The collective noun for umbrellas
is a phalanx
Hello. This post is about Death. Birds get a cursory mention.
Earlier this week, I was in the supermarket, performing my usual ritual of half-running past the laundry detergent aisle in order to avoid the violent assault of perfumes there within. I wondered how it is that I will run towards, and quite peacefully sit with, suffering, yet (literally) run away from things which have been designed specifically to attract.
Last Autumn, driving home from work, I pulled over not far from home to call David and ask if the entrance to our lane was still blocked and whether I should leave the car on a side road. There was a young woman with a pram talking to an elderly lady a little way up on the pavement and, as I hunted around in my bag for my phone, I saw in my peripheral vision the two of them part ways. The elderly lady stepped off the curb, walked a little way across the street and then fell. Hard.
As though this was the most common occurrence in the world I got out of the car, jogged over and lay on the ground next to her, our faces close. She was on her side, panicking. Saying over & over “I don’t know what happened, I don’t know what happened”.
I explained she’d fallen, but that everything was ok, and that she needed to be slow in trying to move. She shifted herself onto her back and howled in pain. Little dots of black grit speckled the side of her face where it had met the road. I’m no doctor, but it seemed obvious that she’d broken her hip. A man walking by asked what had happened and said we should move her; I asked him to call an ambulance, and explained why I felt we should not.
It was about 5pm, the street was damp from an earlier rain, and, worried that she might be in shock and about to get very cold, I asked her to try to sit up momentarily. As she did I positioned myself behind her; one of my legs either side of hers, my chest pressed into her back, my right arm wrapped around her front, and my left hand holding her thigh off the ground, as any other position seemed excruciating for her.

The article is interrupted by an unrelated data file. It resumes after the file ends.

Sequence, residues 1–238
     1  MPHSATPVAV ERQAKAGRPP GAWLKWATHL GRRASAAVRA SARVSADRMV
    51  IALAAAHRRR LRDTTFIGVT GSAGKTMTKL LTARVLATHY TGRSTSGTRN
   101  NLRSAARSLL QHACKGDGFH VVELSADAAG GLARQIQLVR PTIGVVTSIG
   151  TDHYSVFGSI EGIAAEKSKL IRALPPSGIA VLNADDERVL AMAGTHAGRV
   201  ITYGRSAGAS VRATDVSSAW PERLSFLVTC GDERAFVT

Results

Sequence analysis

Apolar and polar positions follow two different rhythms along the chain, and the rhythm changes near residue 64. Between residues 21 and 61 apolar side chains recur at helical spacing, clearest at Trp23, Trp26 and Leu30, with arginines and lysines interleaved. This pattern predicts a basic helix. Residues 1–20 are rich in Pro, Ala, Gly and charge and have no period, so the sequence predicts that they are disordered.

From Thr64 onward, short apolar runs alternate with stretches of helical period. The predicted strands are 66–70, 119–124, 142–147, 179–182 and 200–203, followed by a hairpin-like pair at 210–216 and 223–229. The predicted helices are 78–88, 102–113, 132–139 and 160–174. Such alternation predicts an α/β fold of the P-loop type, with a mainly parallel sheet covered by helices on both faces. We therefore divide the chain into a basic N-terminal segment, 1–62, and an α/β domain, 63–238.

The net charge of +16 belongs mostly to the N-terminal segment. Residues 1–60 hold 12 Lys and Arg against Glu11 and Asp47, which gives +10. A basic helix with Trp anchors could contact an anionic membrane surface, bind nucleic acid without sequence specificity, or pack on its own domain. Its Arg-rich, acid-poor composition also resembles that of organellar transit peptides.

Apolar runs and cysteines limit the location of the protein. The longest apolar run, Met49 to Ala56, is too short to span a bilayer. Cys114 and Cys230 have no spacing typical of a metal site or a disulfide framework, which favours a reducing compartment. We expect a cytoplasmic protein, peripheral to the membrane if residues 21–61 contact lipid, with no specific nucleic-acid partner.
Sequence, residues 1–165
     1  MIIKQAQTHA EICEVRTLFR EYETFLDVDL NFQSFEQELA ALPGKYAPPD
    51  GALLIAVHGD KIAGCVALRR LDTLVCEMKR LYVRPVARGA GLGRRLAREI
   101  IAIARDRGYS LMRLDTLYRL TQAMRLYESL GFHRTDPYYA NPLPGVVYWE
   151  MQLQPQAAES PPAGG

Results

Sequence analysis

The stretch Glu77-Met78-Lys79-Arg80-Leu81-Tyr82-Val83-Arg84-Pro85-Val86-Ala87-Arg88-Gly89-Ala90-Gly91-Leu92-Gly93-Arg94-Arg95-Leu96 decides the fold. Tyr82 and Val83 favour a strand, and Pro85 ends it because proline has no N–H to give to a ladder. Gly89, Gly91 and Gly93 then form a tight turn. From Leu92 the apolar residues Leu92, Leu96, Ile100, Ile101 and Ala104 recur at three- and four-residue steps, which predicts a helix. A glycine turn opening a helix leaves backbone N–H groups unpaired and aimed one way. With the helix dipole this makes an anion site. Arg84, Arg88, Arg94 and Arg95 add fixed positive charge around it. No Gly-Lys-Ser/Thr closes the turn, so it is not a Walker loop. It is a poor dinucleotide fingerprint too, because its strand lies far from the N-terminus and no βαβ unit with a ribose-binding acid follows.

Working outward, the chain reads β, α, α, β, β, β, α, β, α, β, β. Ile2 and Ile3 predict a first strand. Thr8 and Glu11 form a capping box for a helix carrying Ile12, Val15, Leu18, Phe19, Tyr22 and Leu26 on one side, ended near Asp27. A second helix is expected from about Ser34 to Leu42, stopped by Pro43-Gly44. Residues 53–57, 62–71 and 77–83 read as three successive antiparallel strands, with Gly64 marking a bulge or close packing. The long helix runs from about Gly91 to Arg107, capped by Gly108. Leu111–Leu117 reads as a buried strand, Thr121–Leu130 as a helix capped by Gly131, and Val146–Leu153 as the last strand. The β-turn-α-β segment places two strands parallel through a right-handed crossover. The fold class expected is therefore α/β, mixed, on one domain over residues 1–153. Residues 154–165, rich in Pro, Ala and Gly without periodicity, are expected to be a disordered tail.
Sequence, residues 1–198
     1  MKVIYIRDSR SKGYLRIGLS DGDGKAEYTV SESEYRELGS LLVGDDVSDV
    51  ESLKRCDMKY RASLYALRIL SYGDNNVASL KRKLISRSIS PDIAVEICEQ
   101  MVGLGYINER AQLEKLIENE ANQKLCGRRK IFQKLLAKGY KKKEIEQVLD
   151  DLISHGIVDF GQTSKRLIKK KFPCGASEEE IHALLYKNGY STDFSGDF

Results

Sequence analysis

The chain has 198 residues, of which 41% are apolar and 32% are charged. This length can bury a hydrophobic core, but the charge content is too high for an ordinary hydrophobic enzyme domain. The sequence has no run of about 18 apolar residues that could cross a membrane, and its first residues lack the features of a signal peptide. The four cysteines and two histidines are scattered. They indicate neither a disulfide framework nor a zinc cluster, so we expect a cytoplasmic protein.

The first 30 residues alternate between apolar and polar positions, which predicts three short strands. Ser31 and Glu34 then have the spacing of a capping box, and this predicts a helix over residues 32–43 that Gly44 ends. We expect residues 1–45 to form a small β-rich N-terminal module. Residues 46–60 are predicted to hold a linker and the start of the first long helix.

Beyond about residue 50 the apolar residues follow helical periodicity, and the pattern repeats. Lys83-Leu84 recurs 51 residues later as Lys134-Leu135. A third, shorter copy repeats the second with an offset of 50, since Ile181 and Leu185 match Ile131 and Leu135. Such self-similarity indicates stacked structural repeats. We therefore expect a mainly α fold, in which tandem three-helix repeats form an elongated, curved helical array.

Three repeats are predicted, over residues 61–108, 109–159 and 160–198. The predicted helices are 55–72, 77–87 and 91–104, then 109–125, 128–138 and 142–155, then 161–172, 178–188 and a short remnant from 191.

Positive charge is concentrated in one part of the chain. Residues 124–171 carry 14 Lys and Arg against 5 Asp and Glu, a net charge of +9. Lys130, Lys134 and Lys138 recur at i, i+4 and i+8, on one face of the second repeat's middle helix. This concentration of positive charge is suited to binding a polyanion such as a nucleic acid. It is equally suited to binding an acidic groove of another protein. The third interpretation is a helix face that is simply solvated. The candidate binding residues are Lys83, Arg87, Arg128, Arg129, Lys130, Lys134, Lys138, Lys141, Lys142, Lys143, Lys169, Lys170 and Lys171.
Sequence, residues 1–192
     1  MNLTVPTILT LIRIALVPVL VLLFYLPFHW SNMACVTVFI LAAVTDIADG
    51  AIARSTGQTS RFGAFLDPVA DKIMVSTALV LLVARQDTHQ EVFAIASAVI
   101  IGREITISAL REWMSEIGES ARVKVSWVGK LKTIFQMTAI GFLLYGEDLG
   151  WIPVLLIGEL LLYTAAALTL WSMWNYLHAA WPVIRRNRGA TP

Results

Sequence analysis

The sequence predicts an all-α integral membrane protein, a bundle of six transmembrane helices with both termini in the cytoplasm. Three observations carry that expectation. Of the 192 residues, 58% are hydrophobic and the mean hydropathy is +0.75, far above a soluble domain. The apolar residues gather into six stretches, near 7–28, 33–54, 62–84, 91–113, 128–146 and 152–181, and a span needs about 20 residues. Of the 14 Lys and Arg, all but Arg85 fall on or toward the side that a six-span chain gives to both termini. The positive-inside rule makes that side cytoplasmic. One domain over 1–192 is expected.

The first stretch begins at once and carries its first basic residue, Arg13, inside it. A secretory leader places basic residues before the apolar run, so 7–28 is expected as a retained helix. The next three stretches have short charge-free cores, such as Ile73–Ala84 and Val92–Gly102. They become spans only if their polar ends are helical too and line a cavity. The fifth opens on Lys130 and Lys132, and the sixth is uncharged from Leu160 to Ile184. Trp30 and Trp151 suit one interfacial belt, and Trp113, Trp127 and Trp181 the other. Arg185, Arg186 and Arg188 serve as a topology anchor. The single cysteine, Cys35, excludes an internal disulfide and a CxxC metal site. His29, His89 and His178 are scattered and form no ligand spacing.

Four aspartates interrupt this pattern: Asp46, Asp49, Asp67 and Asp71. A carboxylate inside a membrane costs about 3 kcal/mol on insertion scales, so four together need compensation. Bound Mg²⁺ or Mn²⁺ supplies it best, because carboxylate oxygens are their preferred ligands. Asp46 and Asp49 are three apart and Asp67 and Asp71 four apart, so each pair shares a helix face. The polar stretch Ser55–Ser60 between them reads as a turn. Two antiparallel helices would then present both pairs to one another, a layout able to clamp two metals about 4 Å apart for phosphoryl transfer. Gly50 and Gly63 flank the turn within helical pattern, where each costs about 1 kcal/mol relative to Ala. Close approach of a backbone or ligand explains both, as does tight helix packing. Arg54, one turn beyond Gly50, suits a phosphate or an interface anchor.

She was tiny; ‘all skin and bones’, as they say. Holding her reminded me of holding a baby Blackbird. She let her head rest back onto my shoulder, her ear conveniently by my mouth so I could tell her not to worry, and that we would wait like this until an ambulance came.
It was hours before an ambulance came. During which time I learned that her name was Joan, she was 91, she had not been drinking that day and she would not have anyone saying that she had been, thank you very much. She lived alone, and did not have any family. Joan would cyclically ask what was happening and why we were sitting in the road, which I took to mean that she had some kind of dementia; a thought later confirmed by a gentleman from the village who had been walking by.
Funny little waves of pedestrians would stop to ask what had happened and whether an ambulance had been called, hang around a little while and then, unsure as to what they could do, stroll along, wishing us well; Joan and I thanking them.
While we waited I found myself feeling into the the reality of the situation. At 91, a broken hip can often mark the beginning of the end, complications aren’t uncommon, and extended immobility brings its own risks.
I wondered whether, once there, Joan would ever leave the hospital (she would not, it turned out). I wondered when the last time that she had been held in this way was. I wondered why it was that I found myself wanting to stroke her face and hair, and to sing to her, as if she were a child.
As the light faded out of the day some people from nearby houses came out with blankets, wrapping Joan and I up into a sort of chrysalis. When it began to rain, people went to find umbrellas and eventually formed a canopy over the two of us. One man moved his car into the middle of the road and put his headlights on, so we weren’t in total darkness. Joan—wet, cold, in pain and exhausted—had been slowly slumping to her left, and I was essentially cradling her. My legs were wrapped around hers under the blankets and I was holding her head to my chest, whispering, “Not long now, they’ll be here soon”.
I wonder what that little scene must have looked like from the outside, car headlights illuminating the bars of falling rain, the cluster of umbrellas, the circle of people stood with heads bowed, faithful witnesses to a young woman cradling an elderly woman in the middle of a road.
The ambulance eventually arrived, and it was at least another hour before they moved her onboard, the paramedics needing to give her intravenous morphine very slowly so that her heart rate didn’t drop dangerously low, and the process of moving her taking considerable time and effort. Joan and I never got to say goodbye, I doubt she remembered me; but I remember her.
Fragility can evoke an interesting array of responses. It can elicit the desire to turn toward, to embrace and protect. It can evoke irritation, frustration at the inconvenience of a thing implicitly demanding ones attention. It can even provoke outright panic, especially if we fear that fragility might mean we are somehow deficient.
Our own, personal, relationship to our own, personal, fragility will always inform the ways in which we are able to show up to the fragility of others.
And by fragility, I mean mortality.